My goal as a father is just to teach her to be a good person. I think that’s all a lot of people want and where a lot of people were failed. You think they’re good, but then you see some of the shit they’re posting, and you’re like, “That’s not good. That’s not even, like, the basic definition of a kind person.” 

Long ago, we lost the art of discussion. We lost the art of being able to talk to someone who has completely opposing viewpoints as us and be able to talk about it. We have these things now called arguments. They’re very similar to discussions, but arguments and discussions differ in one way, and it’s the amount of respect you have for the person you’re talking to. Discussions involve respect. Discussions involve the conversation coming to an end, you shaking hands, hugging, and still being close. Arguments are void of respect. And we tend to have a lot of those.

Hell, I tend to have a lot of those on a daily basis on Twitter, just yelling at people, because you know I’ve tried to have these conversations just like, “Hey why don’t you try to be a decent human” and they’re like, “Screw you libtard!” and you’re like, “You can’t say that!” and then just dragging them through the streets of Twitter.

I think it’s important to tell her [my daughter] and be honest with her, tell her that not everybody enjoys getting to know the things that scare them, to get to know the things that are different from them. I watch my daughter sometimes, she’s two, and she doesn’t know hate. She doesn’t know race. She doesn’t know any of this. And it’s fun to watch her just run up to kids, no matter what demographic they’re from, no matter what racial background they’re from and just hug ‘em, and wanna play, and wanna have fun.

And somewhere along the way we’re taught this division. In some of us it’s light, in some of us it’s very heavy, but there’s this division that gets pumped into us and I want to do my best — I’m not confident enough to say that I’m going to be able to keep every bad thing away from her, but it’s my job as a parent to try to teach her, “This is bad, this is good. There is a very clear definition between the two.”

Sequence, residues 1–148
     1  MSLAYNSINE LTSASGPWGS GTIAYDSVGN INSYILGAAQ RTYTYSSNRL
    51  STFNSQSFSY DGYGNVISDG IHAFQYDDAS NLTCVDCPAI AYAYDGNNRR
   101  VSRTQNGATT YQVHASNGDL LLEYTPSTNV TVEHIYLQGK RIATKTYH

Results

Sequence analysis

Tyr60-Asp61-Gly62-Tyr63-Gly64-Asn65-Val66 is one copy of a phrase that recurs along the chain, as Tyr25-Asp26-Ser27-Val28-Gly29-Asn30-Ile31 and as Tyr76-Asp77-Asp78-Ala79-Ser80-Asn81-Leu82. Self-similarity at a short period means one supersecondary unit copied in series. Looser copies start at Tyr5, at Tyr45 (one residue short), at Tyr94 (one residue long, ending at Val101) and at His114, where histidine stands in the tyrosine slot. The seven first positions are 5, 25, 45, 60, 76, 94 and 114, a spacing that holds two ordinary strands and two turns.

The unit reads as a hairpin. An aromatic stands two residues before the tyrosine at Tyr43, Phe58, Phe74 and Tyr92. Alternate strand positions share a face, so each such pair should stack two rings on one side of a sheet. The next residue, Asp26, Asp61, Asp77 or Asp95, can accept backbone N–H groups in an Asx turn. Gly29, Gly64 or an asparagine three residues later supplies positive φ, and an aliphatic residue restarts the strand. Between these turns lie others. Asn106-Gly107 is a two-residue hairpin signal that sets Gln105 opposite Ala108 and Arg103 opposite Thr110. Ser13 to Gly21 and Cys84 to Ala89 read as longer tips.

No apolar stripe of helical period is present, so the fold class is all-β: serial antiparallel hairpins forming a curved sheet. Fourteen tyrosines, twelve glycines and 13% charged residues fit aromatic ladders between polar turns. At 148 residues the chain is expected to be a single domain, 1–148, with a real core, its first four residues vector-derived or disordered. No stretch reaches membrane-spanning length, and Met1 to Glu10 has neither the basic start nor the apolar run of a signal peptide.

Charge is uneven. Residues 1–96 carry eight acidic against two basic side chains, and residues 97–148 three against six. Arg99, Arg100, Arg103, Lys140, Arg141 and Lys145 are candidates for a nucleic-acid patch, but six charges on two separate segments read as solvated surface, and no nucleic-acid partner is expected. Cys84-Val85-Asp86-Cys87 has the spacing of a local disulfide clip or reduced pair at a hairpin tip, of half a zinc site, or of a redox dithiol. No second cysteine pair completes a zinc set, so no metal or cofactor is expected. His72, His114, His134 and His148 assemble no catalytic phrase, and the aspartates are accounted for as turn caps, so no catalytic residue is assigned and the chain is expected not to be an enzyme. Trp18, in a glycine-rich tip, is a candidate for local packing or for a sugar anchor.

And just try to explain to her, if she looks back at the 2016 election and 2020 election and wants to talk about it, I’m gonna tell her that there’s people out there that are afraid of things that are different than them, there are people out there that are afraid of things that they don’t fully comprehend, whether it’s because of their beliefs, whether it’s because of their education, whether it’s because of their social and cultural situations, they just don’t understand it.

Like my dad — I truly believe my dad’s a good guy. I think he’s got a big heart. He’s never left my hometown. He says some really off color nonsense on a regular basis and only in the last decade have I been man enough to stand up and say “Dad, you can’t say this. This makes me feel uncomfortable. Let me tell you an easier way to say this or a better way to say this.”

Yeah and you’re proposing the solution instead of just saying like, “Dad you’re stupid and old, shut up.”

Yeah it’s like “Dad, you’re a racist, shut up” –  it’s all about how you’re saying and where you’re putting the emphasis. It’s about re-learning. Hate is taught, and hate can be untaught. Hate is a learned behavior and sheerly by definition of learning something, you can unlearn something.